Is there wind on other planets?
9 April 2022
Despite its “wild weather,” Earth is beginning to look like an ideal vacation destination while compare to space orbits. Being prepared is the most critical aspect of dealing with Earth’s extremes. Knowing when bad weather is approaching is an essential part of being prepared. One of the key tasks of the GOES and the next generation of such satellites, the GOES-R series, is to do just that. Geostationary Operational Environmental Satellite (GOES) is an acronym for Geostationary Operational Environmental Satellite. In a geostationary orbit, two GOES satellites watch North America. Their geostationary orbits are extremely high—22,300 miles above the equator—and are directly above the equator. The satellites appear to linger above the same point on Earth at all times as the Earth rotates on its axis. The satellites are only completing one Earth orbit every day.
Wind on Venus and Mars
You’d wake up on Venus to a temperature of 890oF, hot enough to melt lead. On Mars, massive, planet-wide dust storms might cause havoc with your plans. The 900-mile-per-hour (mph) winds on Neptune would make even the most powerful hurricanes on Earth appear like mild breezes.
- Weather and wind can only occur on planets or other objects surrounded by atmospheres, which are layers of gases.
- According to planetary scientist Timothy Dowling of the University of Louisville in Kentucky, at least 12 objects in our solar system suit that description. Scientists have identified atmospheres on the sun, most planets, and three moons.
- Winds, which propel weather systems, require a source of energy to get started. The sun’s radiation heats some air pockets on Earth, while other pockets remain cold. The wind is created as hot air flows toward cold air.
Winds of mystery
Winds become quicker when you go higher in the atmosphere on Earth. As a result, airplanes, for example, experience more wind than automobiles. On top of that, we get more wind on mountaintops than we do on prairies. On Venus and Mars, the same is true.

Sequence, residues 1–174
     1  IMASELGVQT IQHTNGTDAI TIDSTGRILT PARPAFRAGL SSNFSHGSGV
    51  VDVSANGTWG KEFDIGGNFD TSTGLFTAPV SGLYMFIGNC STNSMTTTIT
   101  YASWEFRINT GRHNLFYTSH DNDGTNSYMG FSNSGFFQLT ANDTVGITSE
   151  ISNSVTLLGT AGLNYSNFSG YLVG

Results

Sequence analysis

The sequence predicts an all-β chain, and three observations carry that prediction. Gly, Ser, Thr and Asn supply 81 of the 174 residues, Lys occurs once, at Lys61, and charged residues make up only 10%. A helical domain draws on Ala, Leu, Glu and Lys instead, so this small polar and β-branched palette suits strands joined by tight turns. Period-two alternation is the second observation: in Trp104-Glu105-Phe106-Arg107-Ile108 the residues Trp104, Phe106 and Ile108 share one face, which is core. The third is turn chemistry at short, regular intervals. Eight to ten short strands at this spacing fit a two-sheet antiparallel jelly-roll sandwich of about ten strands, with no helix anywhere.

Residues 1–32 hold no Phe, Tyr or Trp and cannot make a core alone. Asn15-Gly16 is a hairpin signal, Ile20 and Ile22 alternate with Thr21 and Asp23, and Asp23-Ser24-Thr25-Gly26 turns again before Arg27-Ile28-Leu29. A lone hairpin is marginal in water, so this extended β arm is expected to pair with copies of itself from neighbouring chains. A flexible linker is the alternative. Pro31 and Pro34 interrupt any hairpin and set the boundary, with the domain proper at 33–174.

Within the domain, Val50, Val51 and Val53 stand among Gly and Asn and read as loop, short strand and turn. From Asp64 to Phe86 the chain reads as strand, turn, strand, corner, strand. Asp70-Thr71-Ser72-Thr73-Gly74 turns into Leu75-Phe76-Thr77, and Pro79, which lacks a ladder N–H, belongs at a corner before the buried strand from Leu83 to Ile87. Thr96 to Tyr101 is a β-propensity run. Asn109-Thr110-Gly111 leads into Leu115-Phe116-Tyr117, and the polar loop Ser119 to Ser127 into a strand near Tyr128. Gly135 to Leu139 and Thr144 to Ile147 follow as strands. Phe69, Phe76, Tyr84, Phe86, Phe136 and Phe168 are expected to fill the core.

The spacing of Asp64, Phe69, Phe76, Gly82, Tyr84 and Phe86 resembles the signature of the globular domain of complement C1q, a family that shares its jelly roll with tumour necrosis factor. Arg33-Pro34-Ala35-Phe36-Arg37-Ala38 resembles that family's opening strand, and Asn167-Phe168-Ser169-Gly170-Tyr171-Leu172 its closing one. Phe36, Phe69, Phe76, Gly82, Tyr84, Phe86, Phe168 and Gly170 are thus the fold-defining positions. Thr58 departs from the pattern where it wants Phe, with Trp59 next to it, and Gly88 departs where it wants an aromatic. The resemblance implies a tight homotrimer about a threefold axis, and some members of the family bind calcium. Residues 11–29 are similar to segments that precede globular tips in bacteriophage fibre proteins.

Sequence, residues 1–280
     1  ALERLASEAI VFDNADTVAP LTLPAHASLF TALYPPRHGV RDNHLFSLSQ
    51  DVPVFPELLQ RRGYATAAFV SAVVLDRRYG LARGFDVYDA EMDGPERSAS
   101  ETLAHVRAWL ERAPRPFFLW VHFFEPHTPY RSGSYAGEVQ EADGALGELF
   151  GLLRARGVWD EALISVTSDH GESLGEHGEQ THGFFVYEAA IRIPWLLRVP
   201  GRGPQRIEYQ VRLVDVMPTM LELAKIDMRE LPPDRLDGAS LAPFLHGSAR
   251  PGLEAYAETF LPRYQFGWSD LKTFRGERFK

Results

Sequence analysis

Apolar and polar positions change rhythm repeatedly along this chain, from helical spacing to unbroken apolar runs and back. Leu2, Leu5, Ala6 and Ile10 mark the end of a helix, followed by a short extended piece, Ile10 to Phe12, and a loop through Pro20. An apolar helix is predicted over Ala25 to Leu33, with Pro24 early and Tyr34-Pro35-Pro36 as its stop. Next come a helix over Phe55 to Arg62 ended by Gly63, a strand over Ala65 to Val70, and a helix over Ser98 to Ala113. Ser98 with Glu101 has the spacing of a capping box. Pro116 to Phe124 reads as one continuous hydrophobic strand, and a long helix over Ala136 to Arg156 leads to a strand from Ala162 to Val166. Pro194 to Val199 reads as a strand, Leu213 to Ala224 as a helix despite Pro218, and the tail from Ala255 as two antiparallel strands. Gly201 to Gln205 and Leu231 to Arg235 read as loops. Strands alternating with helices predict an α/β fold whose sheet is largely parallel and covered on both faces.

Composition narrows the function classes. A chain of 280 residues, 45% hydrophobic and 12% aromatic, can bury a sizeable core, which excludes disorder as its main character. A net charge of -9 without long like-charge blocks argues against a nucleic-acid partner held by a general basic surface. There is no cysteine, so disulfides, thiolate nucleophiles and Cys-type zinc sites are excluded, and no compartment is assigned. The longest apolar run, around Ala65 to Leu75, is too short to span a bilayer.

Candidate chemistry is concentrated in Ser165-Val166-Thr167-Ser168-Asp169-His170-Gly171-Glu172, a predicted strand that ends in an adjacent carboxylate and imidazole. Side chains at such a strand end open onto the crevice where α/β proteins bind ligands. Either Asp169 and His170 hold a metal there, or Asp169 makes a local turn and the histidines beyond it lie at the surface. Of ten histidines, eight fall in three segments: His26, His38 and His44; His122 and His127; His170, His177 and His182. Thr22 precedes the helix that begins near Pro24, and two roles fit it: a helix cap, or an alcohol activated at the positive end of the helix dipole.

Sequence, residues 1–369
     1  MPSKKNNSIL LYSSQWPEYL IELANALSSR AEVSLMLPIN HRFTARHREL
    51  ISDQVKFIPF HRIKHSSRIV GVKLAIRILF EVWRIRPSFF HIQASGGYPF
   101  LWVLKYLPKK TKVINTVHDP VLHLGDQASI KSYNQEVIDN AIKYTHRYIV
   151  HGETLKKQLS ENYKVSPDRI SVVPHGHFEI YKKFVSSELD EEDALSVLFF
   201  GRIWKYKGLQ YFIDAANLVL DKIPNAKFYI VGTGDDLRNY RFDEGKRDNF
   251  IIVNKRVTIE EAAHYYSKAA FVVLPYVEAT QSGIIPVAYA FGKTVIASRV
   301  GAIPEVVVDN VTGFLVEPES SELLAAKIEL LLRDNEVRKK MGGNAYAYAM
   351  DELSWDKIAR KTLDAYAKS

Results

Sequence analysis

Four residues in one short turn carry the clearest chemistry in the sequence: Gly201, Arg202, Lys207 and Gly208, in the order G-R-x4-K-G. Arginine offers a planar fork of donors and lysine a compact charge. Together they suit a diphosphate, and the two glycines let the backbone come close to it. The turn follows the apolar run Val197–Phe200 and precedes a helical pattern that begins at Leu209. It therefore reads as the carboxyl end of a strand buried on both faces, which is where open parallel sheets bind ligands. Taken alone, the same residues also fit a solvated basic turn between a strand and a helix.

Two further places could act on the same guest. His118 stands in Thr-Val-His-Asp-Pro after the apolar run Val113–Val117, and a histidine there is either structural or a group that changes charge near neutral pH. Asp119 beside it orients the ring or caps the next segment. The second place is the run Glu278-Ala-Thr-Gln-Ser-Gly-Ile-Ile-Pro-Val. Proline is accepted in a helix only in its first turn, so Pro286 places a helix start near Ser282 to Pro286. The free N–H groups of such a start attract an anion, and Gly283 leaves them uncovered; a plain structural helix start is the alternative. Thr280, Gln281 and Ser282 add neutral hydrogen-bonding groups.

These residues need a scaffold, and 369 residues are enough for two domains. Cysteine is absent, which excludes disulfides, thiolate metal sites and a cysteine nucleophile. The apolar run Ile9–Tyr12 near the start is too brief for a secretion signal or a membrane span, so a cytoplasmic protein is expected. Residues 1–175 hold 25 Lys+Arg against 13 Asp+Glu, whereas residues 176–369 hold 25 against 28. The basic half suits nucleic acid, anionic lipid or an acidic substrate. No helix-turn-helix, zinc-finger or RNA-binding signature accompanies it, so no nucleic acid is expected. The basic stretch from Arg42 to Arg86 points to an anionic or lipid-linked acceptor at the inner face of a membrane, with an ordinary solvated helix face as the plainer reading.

During its 2005 descent to Saturn’s moon Titan, the Huygens probe discovered a new pattern. The winds were highest near the outer margins of the atmosphere, as expected. As the probe approached Titan’s surface, they dwindled to nearly nothing. However, around halfway down, the wind picked up. They diminished again when they got closer to the moon’s surface.
- Atkinson claims that winds are increasing deep within Jupiter’s atmosphere, despite computer models predicting the opposite.
- “What that tells us is that there is most certainly energy pouring outward from down below,” he explains.
- Another problem is the relationship between an object’s spin and wind strength. Winds blow in the direction that the object spins on most planets and moons with atmospheres. This suggests that spinning aids in the creation of wind whipping.
- A single rotation of Venus, on the other hand, takes 243 Earth days. Dowling claims that wind speeds surrounding Venus are 60 times faster than the planet’s rotation. Titan’s wind also causes it to lose its spin.
- The planetary weather continues to change as scientists try to decipher these unexpected findings.